Sweet Honey Display via The Irish Beekeeper
The Medicine of Altruism - words by His Holiness the Dalai Lama
“When I consider the lack of cooperation in human society, I can only conclude that it stems from ignorance of our interdependent nature. I am often moved by the example of small insects, such as bees. The laws of nature dictate that bees work together in order to survive. As a result, they possess an instinctive sense of social responsibility. They have no constitution, laws, police, religion or moral training, but because of their nature they labour faithfully together. Occasionally they may fight, but in general the whole colony survives on the basis of cooperation. Human beings, on the other hand, have constitutions, vast legal systems and police forces; we have religion, remarkable intelligence and a heart with great capacity to love. But despite our many extraordinary qualities, in actual practice we lag behind those small insects; in some ways, I feel we are poorer than the bees…
To me, it is clear: a genuine sense of responsibility can result only if we develop compassion. Only a spontaneous feeling of empathy for others can really motivate us to act on their behalf.”
Moving in to our NEW OFFICE today!!
5950 W. Jefferson Blvd. #8
Los Angeles, California 90016
WATCH: “Andrew Cote, Beekeeper” via The Next List
“Urban Beekeeping is like crack. It’s an obsession and there’s no turning back.” -Andrew Cote
Thanks for the sweet buzz Living Homegrown ?!!!
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HoneyLover of the Month: ROBERTA
“Beekeeping started out just as way to improve my crops. Seemed easy enough to just get some free bees off a tree limb and stick them in a box and voila, more fruit. Well there was something about my first day that was just magical. I went to watch Kirk do a cutout with someone who had some experience. I came from work and they had gotten most of a very old and big hive out of wall. I got to just watch and learn.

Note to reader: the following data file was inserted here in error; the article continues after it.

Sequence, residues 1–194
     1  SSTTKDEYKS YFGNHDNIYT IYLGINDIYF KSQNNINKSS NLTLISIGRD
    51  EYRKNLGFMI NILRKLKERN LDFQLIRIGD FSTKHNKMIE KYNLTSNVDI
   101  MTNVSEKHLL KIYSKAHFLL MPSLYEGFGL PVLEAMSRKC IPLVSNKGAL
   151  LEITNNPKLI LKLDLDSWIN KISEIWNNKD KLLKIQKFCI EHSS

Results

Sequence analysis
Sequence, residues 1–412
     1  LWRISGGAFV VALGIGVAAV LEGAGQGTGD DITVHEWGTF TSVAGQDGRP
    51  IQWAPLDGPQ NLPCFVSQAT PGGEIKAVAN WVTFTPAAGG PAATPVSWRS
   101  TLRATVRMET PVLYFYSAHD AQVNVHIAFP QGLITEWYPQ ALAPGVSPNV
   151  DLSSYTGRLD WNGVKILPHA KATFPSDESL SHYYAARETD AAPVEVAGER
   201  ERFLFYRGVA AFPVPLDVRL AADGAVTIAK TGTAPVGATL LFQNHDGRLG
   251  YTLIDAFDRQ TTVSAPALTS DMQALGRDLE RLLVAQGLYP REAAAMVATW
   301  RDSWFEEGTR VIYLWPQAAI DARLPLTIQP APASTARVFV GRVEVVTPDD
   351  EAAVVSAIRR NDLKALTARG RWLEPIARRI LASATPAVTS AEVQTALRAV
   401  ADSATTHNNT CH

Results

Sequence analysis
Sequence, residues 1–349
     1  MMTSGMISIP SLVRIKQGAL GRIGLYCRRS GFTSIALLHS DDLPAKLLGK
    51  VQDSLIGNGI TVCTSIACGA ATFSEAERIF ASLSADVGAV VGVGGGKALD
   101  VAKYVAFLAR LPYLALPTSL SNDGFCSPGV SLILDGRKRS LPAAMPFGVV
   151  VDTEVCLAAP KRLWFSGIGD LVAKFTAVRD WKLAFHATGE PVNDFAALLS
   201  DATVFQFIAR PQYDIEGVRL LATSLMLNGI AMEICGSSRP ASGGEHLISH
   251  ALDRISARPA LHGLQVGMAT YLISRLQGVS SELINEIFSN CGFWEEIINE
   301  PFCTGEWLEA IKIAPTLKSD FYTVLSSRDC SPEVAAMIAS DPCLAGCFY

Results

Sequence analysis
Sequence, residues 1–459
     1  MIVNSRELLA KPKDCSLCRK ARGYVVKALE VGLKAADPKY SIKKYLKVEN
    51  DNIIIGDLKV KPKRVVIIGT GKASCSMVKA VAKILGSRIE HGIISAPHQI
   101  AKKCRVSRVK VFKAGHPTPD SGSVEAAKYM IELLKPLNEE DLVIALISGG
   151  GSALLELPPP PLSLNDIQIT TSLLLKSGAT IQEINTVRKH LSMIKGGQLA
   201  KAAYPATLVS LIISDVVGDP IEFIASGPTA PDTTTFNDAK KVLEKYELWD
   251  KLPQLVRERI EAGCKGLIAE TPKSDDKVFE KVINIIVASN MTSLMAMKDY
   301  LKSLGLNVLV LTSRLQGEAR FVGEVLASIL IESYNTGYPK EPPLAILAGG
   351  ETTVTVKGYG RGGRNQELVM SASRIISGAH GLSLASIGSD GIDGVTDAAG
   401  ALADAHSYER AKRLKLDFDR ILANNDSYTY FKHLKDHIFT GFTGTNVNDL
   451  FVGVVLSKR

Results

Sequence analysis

The next door neighbor and her kids were watching from a window and I loved being the person explaining what was happening. Kirk was mentoring, the other beekeeper was learning how to do a cutout, I was just learning how to be around bees and the kids were learning about something so new.
Then Kirk took me to a simple swarm capture and we packaged them up into one of his old nucs and there I was with a new hive. With the swarm, it was just a small cute ball of fuzzy bees. They were gently, buzzing but pretty much content to go wherever we put them. Seemed like an innocent experience.
The excitement of being able to work with these little but powerful creatures took a hold and I had bee fever. I couldn’t get enough cutouts and swarms but then I couldn’t keep them anywhere and that’s how the mentoring started. I loved being able to share a first time cutout or swarm with others. It really felt like giving someone a gift.”
How Are Dying Bees Affecting Our Lives? via nationalgeographic.com
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